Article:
Shall execute judgment and justice on earth - (Psalms 72:2; Isaiah 9:7; Isaiah 32:1; Isaiah 32:18). Not merely a spiritual reign, in the sense in which He is "our righteousness," but a righteous reign "in the earth" (Jeremiah 3:17-18). In some passages He is said to come to judge, in others to reign. In Matthew 25:34 He is called "the king." Psalms 9:7-8 unites them (cf. Daniel 7:22; Daniel 7:26-27).

Verse 5

Behold, the days come, saith the LORD, that I will raise unto David a righteous Branch, and a King shall reign and prosper, and shall execute judgment and justice in the earth.

No JFB commentary on this verse.

Verse 6

In his days Judah shall be saved, and Israel shall dwell safely: and this is his name whereby he shall be called, THE LORD OUR RIGHTEOUSNESS.

In his days Judah shall be saved, and Israel shall dwell safely - (cf. Jeremiah 33:16, where "Jerusalem" is substituted for "Israel" here). Only Judah, and that only in part, has as yet returned. So far are the Jews from having enjoyed, as yet, the temporal blessings here foretold as the result of Messiah's reign, their lot has been for 18 centuries worse than ever before. The accomplishment must therefore be still future, when both Judah and Israel, in their own land, shall dwell safely under a Christocracy far more privileged than even the old theocracy (Jeremiah 32:37); but no longer isolated in national exclusiveness, and "alone" (Deuteronomy 33:28; Isaiah 54:1; Isaiah 60:1-22; Isaiah 65:17-25; Zechariah 14:11).

This is his name whereby he shall be called, THE LORD - "shall be called" - i:e., shall be (Isaiah 9:6) Yahweh (H3068), God's incommunicable name. Though when applied to created things it expresses only some special connection they have with Yahweh (Genesis 22:14, "Yahweh-jireh" the name given by Abraham to the place of his offering of Isaac; Exodus 17:15, "Yahweh-nissi," the name given by Moses to the altar that commemorated the overthrow of Amalek); yet, when applied to Messiah, it must express His Godhead manifested in justifying power toward us (1 Timothy 3:16).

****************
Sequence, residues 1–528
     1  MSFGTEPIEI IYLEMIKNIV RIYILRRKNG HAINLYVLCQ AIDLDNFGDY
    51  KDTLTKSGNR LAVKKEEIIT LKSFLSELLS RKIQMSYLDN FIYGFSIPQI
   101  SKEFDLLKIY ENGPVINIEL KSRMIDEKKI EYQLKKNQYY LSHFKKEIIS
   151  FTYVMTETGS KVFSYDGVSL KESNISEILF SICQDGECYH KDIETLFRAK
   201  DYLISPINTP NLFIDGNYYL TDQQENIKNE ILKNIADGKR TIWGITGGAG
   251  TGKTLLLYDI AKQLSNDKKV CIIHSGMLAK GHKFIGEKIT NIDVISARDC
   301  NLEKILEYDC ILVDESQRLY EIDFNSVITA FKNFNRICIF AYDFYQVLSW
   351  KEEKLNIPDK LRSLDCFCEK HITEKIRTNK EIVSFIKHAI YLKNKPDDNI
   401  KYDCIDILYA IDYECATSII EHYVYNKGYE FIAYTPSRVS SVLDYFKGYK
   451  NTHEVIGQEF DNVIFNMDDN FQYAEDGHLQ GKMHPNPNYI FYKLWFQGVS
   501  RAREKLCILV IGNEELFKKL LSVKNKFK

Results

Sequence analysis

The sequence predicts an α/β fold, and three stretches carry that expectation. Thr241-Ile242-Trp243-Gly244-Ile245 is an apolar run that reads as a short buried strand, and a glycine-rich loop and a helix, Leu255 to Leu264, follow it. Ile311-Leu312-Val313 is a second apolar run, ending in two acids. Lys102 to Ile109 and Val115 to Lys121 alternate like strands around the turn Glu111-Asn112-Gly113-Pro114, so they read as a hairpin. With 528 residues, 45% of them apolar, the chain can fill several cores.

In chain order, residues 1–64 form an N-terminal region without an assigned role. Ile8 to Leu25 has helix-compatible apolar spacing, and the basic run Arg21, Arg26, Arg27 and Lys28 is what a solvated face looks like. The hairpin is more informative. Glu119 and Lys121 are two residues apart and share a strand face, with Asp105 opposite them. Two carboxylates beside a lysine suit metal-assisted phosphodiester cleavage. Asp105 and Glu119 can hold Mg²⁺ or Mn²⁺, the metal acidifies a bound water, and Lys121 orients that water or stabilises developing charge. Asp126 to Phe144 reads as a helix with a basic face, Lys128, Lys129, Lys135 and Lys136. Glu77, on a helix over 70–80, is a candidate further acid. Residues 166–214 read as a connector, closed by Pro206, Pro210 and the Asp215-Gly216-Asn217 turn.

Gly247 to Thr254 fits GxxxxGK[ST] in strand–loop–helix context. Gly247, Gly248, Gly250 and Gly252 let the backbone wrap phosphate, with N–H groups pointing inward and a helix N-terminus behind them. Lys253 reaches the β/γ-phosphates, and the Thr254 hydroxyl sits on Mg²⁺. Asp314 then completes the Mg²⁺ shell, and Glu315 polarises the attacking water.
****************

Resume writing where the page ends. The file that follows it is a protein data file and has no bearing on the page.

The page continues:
OUR RIGHTEOUSNESS - "Our" marks His manhood, which is also implied in His being a Branch raised unto David, whence His human title, "Son of David" (cf. Matthew 22:42-45). "Righteousness" marks His Godhead, because only God can justify the ungodly (cf. Romans 4:5; Isaiah 45:17; Isaiah 45:24-25).

Verses 7-8

Therefore, behold, the days come, saith the LORD, that they shall no more say, The LORD liveth, which brought up the children of Israel out of the land of Egypt;

Repeated from Jeremiah 16:14-15. The prophet said the same things often, in order that his sayings might make the more impression. The name promise substantially as in Jeremiah 23:3-4. The wide dispersion of the Jews at the Babylonian captivity prefigures their present wider dispersion (Isaiah 11:11; Joel 3:6). Their second deliverance is to exceed far the former one from Egypt. But the deliverance from Babylon was inferior to that from Egypt in respect to the miracles performed, and the numbers delivered. The final deliverance under Messiah must therefore be meant, of which that from Babylon was the earnest.

Verse 9

Mine heart within me is broken because of the prophets; all my bones shake; I am like a drunken man, and like a man whom wine hath overcome, because of the LORD, and because of the words of his holiness.

Because of the prophets - so the Masorites and Targum. But the Vulgate, Septuagint, etc., make this the inscription of the prophecy, CONCERNING THE PROPHETS [ lanªbi'iym (H5030)]: as in Jeremiah 46:2; Jeremiah 48:1; Jeremiah 49:1. Jeremiah expresses his horror at the so-called "prophets" not warning the people, though iniquity so fearfully abounded, soon to be followed by awful judgments.